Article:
The Kerala state government is conducting a probe at a Catholic school following a controversy over the wearing of headscarves in class.
The Directorate of Public Instruction of Kerala ordered the inquiry at St. Philomena’s Girls’ School on June 4, after receiving complaints from Muslim parents.
The dispute arose after a class teacher singled out two scarf-wearing girls, reportedly for disobedience. But the girls complain that they were being punished for wearing the headscarf.
Some Muslim parents have called on the school’s authorities to confirm that headscarves are permitted, while others have said that only regulation school uniform should be allowed.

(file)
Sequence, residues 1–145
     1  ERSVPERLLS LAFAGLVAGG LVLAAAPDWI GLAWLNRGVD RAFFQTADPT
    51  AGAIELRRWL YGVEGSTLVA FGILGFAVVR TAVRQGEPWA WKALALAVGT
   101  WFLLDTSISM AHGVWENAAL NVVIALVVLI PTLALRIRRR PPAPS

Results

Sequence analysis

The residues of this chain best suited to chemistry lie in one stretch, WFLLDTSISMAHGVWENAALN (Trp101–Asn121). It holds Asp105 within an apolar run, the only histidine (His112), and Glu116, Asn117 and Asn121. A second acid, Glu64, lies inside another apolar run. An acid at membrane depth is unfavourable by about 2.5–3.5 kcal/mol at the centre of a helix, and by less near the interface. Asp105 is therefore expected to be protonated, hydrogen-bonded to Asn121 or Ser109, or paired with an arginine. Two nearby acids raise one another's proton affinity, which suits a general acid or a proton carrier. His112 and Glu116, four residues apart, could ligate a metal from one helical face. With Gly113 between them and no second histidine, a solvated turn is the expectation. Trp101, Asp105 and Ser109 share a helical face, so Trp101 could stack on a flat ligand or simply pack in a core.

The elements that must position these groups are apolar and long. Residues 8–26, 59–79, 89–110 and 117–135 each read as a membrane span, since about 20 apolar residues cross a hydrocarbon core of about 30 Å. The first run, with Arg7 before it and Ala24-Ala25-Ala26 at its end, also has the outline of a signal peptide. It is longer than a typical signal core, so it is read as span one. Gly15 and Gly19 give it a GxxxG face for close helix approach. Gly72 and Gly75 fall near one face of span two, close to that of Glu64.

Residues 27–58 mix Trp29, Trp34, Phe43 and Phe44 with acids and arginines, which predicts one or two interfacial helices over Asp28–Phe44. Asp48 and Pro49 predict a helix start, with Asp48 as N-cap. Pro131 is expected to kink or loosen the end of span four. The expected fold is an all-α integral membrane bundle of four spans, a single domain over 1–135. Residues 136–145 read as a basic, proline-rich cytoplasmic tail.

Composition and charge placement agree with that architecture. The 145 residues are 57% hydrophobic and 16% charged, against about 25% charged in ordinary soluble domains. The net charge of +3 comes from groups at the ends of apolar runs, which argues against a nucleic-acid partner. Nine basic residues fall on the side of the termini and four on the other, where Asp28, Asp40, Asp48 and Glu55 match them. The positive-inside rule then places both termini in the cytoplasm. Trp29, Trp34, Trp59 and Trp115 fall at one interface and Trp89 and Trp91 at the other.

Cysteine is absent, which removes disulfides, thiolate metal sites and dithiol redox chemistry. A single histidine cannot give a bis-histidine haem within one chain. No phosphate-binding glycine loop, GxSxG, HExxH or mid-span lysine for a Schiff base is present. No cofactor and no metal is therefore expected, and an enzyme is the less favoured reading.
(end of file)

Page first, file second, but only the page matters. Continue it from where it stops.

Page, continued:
The authorities, in turn, have requested police protection around the school in Poonthura, a Muslim-dominated coastal village. The area has witnessed serious Christian-Muslim clashes in the recent past; 11 Muslims were killed when police fired on rioters in May 2009.
The row was described as “unfortunate” by Sister Mercy Thomas, the principal, who said that while the headscarf is not part of the uniform, the school adopts a neutral stance. “We neither discourage nor encourage it,” she said.
She added that around 60 percent of the school’s students are Muslim and it has never faced controversy in its 58-year history.
In a similar incident in Kerala last month, a Protestant school suspended its principal who had dismissed a Muslim girl for wearing a headscarf.